The letter, warning politicians about the state of the National Health Service was signed by the heads of:
- The British Medical Association
- The Royal College of Nursing
- The Royal College of GPs
- The Alzheimer's Society
- The Anthony Nolan Trust
- The MS Society
- The Royal National Institute of Blind People
- The Teenage Cancer Trust
- The Family Doctor Association
- The Faculty of Public Health
In the letter the groups said:
The NHS and our social care services are at breaking point and things cannot go on like this. An NHS deficit of £30 billion is predicted by 2020 - a funding black hole that must be filled.
While we welcome the fact that the NHS has risen to the top of the political agenda, and some new spending commitments have been made, we need a comprehensive, fully costed, long-term spending plan if an NHS true to its founding principles of universal healthcare, provided according to need not ability to pay, is secured for future generations.
It must also take into account the need for vital social care. This will also require a guarantee that the NHS will be protected from another top-down reorganisation which is not in the best interests of patients, and distracts from the severe, long-term funding pressures facing the health service. The NHS, social services, health and care professionals and above all, the British people, deserve no less.
Political promises of extra cash for the NHS are insufficient to address a funding crisis that is putting at risk the founding principles of the health service, an influential coalition of doctors, nurses and medical charities has warned.
In an open letter to the leaders of all three major political parties published by the Independent, leading organisations said "the longest, and most damaging budget squeeze" in NHS history had left it at "breaking point", with patients increasingly feeling the effects.
Shadow Education Secretary Tristram Hunt has launched a scathing attack on David Cameron after the Prime Minister singled him out during his speech to the Tory conference.
Mr Hunt claimed Mr Cameron's remarks were a "highly personalised attack on me, my family and upbringing" and showed he "has moved on little since his time as a low-rent PR man".
Writing in the Observer, Mr Hunt labels Mr Cameron "the frat-boy prime minister who spills confidences about the Queen and covers up policy failure with personal attacks".
Iain Duncan Smith has indicated that the UK must be allowed to curb European migration in return for staying in the EU.
The Work and Pensions Secretary said individual states should be able to fix the number of EU migrants they let through their borders.
“Control needs to be in the hands of individual nations if they remain in Europe,” the Work and Pensions Secretary told the Sunday Telegraph..
Referring to UK demands for EU reform, Mr Duncan Smith claimed European leaders were now saying to each other "these people genuinely look like they are on the way out unless we do something".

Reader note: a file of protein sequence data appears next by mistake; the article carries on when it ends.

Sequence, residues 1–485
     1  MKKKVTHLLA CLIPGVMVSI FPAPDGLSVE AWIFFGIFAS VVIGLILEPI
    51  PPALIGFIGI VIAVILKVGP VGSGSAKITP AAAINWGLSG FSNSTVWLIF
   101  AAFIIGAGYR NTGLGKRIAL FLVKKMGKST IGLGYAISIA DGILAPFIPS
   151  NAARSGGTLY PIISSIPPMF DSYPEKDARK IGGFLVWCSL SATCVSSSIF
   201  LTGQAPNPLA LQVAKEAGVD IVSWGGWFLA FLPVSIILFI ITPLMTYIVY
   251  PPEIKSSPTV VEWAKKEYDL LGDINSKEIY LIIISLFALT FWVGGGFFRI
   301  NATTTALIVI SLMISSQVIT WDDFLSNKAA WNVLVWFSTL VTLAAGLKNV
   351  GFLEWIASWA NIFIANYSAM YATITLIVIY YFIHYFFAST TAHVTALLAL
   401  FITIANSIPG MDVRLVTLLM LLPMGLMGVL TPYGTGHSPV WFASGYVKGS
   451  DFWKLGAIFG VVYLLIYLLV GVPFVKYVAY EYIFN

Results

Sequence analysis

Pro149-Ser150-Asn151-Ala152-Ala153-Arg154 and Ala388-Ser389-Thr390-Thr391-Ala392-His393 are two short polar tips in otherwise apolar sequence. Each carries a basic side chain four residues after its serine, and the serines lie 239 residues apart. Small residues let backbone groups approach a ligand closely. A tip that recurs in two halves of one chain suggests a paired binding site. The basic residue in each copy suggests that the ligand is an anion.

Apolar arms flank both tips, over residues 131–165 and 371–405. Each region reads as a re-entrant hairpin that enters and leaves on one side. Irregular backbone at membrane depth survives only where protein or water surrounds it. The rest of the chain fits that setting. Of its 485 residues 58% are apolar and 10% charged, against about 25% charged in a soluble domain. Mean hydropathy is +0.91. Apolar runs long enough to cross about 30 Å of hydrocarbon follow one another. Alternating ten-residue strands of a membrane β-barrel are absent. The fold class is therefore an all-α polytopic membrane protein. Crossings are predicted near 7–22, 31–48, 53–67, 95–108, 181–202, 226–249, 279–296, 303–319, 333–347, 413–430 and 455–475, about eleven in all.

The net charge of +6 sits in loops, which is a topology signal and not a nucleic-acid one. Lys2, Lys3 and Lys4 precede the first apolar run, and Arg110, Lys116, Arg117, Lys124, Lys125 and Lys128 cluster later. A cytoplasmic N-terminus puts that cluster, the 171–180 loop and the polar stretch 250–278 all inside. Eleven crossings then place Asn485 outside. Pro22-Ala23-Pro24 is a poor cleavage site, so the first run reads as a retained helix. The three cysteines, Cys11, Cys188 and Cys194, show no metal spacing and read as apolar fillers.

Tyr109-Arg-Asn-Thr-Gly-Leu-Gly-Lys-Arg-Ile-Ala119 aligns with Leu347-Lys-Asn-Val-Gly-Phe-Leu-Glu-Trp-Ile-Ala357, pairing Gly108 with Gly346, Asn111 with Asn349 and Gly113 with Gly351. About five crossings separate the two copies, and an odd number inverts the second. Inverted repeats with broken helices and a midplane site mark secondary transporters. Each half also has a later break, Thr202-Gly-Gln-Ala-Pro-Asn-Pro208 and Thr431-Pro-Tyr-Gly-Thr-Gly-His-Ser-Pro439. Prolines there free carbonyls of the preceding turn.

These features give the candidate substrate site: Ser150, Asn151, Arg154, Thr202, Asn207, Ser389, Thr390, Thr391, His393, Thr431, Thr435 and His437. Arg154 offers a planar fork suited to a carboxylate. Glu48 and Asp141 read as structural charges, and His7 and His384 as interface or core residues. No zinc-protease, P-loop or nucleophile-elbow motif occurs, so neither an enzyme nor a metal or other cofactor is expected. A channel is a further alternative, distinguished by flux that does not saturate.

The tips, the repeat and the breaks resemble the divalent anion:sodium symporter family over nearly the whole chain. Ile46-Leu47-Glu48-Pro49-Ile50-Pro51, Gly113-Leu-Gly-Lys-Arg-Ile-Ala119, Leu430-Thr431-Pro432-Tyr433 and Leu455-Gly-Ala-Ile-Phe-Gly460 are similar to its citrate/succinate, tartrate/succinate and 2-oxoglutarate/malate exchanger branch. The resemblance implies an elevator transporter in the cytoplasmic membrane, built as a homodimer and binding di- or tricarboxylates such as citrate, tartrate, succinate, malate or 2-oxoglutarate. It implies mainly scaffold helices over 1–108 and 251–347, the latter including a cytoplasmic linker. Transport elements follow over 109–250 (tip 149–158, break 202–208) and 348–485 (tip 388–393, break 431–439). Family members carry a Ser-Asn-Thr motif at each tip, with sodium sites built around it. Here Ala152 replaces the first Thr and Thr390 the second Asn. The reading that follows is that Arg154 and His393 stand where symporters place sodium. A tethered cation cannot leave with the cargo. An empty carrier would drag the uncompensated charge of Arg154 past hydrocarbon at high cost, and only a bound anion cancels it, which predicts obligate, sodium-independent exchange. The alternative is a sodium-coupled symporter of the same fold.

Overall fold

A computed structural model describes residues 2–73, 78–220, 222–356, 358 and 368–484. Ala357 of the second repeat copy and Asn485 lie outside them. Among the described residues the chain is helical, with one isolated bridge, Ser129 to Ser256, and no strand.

He also warned high rates of migration risked causing "civil unrest" in some area.
Ed Balls claims the tax measures unveiled by David Cameron at the Tory conference amount to a 'Strivers' tax' that will hit 3 million working people.
Writing on his blog, the Shadow Chancellor singled out cuts to tax credits, saying: "It’s a Strivers' Tax which will cost a one earner family with two children on £25,000 a year almost £500."
He implied the policy would cost the Tories at next year's election, as 260,000 families hit by tax credit cuts live in the 50 most vulnerable Conservative seats.
GPs are leaving due to a combination of increased workload and a lack of funding, according to one GP.Read the full story ›
Nick Clegg has hit back at Home Secretary Theresa May's "appaling" claim that the Liberal Democrats had put "children at risk" by rejecting the "snooper's charter" bill in Parliament.
The Deputy Prime Minister said he had written to May demanding an apology for the "false and outrageous" claim during her speech at the Conservative Party conference this week.
In the address, May said the move by the Liberal Democrats to vote against the draft Communications Data Bill had meant the National Crime Agency had to drop "at least twenty cases" - including some where children's lives were at risk - due to missing communications data.
Clegg said the comments marked a "new low" in coalition government relations - adding that Home Office "inactivity" had instead been to blame.
"To say [...] 'you are putting children at risk' when it's not true is a level of outrageous misinformation I have not witnessed in the four and a half years I have been in this government," he said on his regular LBC phone-in.
General Practice is under so much strain it forces doctors to "work flat out all the time", a long-serving GP told Good Morning Britain.
Dr Neil Thomas said so many patients had come to rely on NHS GPs, it had wiped out the seasonal element of the work and services were already over-crowded for this time of year.
Thousands of sick people may soon be unable to see a doctor because there are not enough GPs, experts have warned.Read the full story ›
The Prime Minister's pledges played well at the Conservative Party conference, but how will voters react.
ITV News' Deputy Political Editor Chris Ship has been gauging reaction in four marginal seats - important election battlegrounds.